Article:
OSF Opening Weekend 2018: Sense & Sensibility, Destiny of Desire, and Henry V
A strange thing happens when you become a theater nerd of the highest order – you develop a relationship not just with the characters within a play, or even the play itself, but – if circumstances allow – with the theater company as a whole. Every season takes on its own personality, and you find yourself wistfully remembering all the shows that made it what it was – the actors, the plays, the characters, the sets, the costumes, even the weather, and the way that the sky looked.
This is how I mark my visits to Ashland – by the shows that weave themselves into that chapter of my life. And so now I cannot think of Medea/MacBeth/Cinderella without thinking of my brain surgery, and I cannot read Hamlet without feeling rain on my face, and Shakespeare will forever be Bill DeMeritt. Don’t @ me.
It is too early to say what this season will mean to me. I know the shows will be stellar – they always are (and if you wish for an objective review, go elsewhere, because this is my favorite place in the world) – but how will they tie into the narrative that I am constantly writing with this twinkly eyed fool who hasn’t seemed to realize that he’s far, far too good for me?
We went down for opening weekend. The air was full of nervous energy and falling snow. Four plays opened the start of season, of which we saw three – Destiny of Desire, Sense and Sensibility, and Henry V (we skipped Othello, since we have tickets for it later in the season, and we long ago learned that four plays in two days doth break my brain.)
I have seen the film version of Sense and Sensibility countless times. I know the story by heart. Because of this, and the fact that we’d just seen another Austen play a few months ago, Rand suggested we skip it.
In response, I politely threatened to burn all his underwear. He was able to read nuance; we went to see Sense.
In between acts I would list an actor’s entire resume for him. This time it was Amy Newman, flitting across the stage as Fanny Dashwood, every line that left her lips a mix of acid and sugar.
“She was in the Odyssey,” I told Rand, “and Merry Wives of Windsor. And Roe.”
The shows do not exist in a vacuum for me anymore. Actors I recognized now carried with them the histories of characters from seasons past. When Nancy Rodriguez and Armando McClain – as Eleanor Dashwood and Edward Ferrars – finally kissed, I cried, because I had not been waiting two hours for it – I had been waiting years.
“I find myself … wondering why the fuck things can’t just go right (FOR JUST ONE DAMN SEASON) for Nancy Rodriguez.” – me in 2016
Also, a small complaint: Marianne’s dismissal of Colonel Brandon is a lot more believable when Colonel Brandon isn’t incredibly debonair and has a voice that sounds like you somehow made a souffle out of velvet and sex.
I flipped through the program, squealing like a kid discovering a long sought-after trading card whenever I saw an actor had returned to the company after years away at other theaters.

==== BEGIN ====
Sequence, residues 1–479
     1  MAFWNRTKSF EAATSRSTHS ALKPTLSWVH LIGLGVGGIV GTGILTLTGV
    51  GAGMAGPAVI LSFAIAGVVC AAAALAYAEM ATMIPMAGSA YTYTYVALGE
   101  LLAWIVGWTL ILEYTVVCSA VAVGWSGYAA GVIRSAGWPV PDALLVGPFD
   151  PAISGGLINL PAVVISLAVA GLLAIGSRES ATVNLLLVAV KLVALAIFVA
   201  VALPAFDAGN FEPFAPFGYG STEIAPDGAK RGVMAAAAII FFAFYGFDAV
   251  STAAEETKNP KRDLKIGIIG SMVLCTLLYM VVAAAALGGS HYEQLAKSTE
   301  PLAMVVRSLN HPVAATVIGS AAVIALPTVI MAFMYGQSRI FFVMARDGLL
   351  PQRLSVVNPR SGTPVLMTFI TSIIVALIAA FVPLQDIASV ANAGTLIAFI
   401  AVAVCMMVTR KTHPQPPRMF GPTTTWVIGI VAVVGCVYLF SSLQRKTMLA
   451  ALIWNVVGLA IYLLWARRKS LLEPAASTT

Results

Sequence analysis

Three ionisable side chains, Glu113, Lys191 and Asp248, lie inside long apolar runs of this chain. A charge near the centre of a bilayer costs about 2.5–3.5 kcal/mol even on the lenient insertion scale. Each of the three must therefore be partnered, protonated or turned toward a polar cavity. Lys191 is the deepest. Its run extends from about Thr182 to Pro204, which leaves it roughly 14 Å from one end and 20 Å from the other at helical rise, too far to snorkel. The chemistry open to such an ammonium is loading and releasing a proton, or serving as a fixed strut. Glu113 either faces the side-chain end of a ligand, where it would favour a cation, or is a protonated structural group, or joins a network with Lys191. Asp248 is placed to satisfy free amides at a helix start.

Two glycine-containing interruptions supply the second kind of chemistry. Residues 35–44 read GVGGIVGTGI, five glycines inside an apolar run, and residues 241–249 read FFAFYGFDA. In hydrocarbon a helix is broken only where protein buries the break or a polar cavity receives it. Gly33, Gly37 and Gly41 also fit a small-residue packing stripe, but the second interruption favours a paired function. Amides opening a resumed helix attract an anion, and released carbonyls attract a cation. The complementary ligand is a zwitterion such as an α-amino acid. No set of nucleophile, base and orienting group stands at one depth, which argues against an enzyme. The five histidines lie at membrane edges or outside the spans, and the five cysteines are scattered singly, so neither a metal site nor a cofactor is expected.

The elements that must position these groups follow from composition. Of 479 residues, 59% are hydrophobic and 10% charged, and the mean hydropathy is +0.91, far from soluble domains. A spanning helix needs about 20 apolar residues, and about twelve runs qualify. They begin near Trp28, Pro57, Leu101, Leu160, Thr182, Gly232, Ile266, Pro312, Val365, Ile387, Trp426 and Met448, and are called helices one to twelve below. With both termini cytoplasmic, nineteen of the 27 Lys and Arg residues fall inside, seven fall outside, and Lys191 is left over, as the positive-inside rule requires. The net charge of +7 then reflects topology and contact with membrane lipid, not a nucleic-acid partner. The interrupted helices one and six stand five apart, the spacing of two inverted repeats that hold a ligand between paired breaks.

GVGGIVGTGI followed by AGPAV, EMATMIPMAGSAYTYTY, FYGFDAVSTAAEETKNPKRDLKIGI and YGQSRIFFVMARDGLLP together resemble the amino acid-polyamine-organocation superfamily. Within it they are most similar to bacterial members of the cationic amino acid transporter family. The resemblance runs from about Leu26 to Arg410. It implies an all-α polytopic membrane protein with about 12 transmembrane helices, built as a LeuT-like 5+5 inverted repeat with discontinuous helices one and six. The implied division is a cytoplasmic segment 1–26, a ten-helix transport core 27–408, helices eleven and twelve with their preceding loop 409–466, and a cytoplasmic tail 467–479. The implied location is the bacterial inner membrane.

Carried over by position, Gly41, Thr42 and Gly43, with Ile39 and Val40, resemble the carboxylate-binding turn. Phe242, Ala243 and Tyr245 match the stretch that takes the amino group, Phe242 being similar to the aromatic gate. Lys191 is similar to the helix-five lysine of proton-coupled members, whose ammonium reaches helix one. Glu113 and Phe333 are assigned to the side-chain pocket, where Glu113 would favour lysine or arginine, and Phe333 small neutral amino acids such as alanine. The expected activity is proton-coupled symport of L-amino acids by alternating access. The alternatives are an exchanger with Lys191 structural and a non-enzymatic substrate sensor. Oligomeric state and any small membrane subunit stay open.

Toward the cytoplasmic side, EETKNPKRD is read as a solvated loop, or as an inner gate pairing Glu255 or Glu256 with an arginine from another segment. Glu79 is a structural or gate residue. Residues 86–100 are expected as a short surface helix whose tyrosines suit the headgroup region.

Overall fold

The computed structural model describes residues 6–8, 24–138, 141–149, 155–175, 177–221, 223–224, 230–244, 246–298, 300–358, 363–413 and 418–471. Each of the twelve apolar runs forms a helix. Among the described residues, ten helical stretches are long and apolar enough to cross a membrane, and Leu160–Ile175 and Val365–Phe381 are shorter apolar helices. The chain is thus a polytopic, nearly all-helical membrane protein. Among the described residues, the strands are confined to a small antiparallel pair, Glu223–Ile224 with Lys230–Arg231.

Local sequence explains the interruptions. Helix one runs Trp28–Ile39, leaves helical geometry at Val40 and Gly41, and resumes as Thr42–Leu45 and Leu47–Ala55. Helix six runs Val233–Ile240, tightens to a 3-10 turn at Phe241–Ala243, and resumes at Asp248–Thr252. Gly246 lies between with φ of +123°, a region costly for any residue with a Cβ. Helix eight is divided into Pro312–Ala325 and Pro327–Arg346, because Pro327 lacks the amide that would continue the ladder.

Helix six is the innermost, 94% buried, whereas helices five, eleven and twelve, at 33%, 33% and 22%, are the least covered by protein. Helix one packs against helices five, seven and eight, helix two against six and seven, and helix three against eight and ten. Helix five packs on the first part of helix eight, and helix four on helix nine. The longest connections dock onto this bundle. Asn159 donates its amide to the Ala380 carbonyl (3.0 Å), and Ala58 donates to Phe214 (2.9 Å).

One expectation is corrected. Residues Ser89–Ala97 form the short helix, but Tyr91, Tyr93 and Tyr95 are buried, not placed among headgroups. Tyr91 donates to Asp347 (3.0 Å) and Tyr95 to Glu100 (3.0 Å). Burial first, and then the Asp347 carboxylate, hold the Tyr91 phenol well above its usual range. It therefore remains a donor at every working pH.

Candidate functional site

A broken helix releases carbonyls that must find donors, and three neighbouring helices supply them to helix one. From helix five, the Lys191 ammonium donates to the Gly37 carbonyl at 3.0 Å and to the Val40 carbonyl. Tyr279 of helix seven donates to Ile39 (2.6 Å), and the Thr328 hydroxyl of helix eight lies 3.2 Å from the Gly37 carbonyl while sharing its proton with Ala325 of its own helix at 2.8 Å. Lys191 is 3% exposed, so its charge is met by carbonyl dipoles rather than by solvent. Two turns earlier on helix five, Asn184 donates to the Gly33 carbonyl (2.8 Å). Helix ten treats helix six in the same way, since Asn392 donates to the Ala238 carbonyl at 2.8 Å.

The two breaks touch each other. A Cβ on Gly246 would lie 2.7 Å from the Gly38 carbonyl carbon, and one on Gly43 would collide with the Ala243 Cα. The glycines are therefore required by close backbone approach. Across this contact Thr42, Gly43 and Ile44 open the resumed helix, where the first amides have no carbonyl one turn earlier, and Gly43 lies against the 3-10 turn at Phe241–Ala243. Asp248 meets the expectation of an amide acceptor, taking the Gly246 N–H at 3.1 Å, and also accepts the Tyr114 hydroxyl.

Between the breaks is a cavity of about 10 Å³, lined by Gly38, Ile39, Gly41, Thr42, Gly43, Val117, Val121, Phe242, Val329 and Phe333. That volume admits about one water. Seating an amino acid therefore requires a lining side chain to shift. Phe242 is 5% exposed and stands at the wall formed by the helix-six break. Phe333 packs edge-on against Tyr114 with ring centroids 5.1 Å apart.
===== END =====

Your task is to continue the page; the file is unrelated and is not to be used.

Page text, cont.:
“Do you remember him?!”
“Umm … no?”
“ARE YOU KIDDING ME? HE WAS THE LEAD IN PIRATES OF PENZANCE.”
“That was seven years ago.”
“YES AND NOW HE IS BACK.”
I saw past the mustache and recognized Eddie Lopez immediately when he walked out onto the stage in this year’s telenovela-inspired Destiny of Desire. The play was delightfully self-aware; the audience and the actors seemed to share a knowing wink about how over the top it all was. And just when I was ready to dismiss it as a ridiculous, farcical comedy, an actor would emerge from offstage and deliver a line about the sociopolitical realities of life as a Latino in the United States.
It is absurd for a nun to reveal a sequined evening gown beneath her habit. It is absurd that every day, a person dies of thirst trying to cross the border between Mexico and the United States. We just don’t usually see that absurdity side-by-side.
Good theater is not about the binaries of black and white, but about all the things that exist in between. It’s comedies that make you think and tragedies that make you laugh and villains that make you weep for them and heroes that infuriate you.
Age cannot wither my love for this place, nor custom stale it.
Still – I won’t lie – I walked into Henry V with a dose of trepidation – we’d not seen Henry IV Part 1 or 2, and histories are not generally my or Rand’s favorite. But the OSF was able to breathe life even into the Bard’s old words, and thanks to a talented cast and a Henry who was young in face but already weary of the world, it felt new again. Even as the battle dragged on, the play did not.
And even in a story about war, I found myself delighting in a brief but achingly romantic scene between Henry and Katherine.
I don’t quite know how this season will feel when it’s through. Perhaps I will remember this year as the one where things fell into place. Where the two leads I’d been hoping would get together finally did. I think of the moment when the couples in all of these radically different shows finally kissed, and everything was, for a little while, absolutely wonderful.
Maybe when I look back on this year – one that marks the tenth anniversary of being married to the love of my life – I’ll find that those romantic moments, some unexpected, some long-awaited, are what have stayed with me. We’ll just have to wait and see.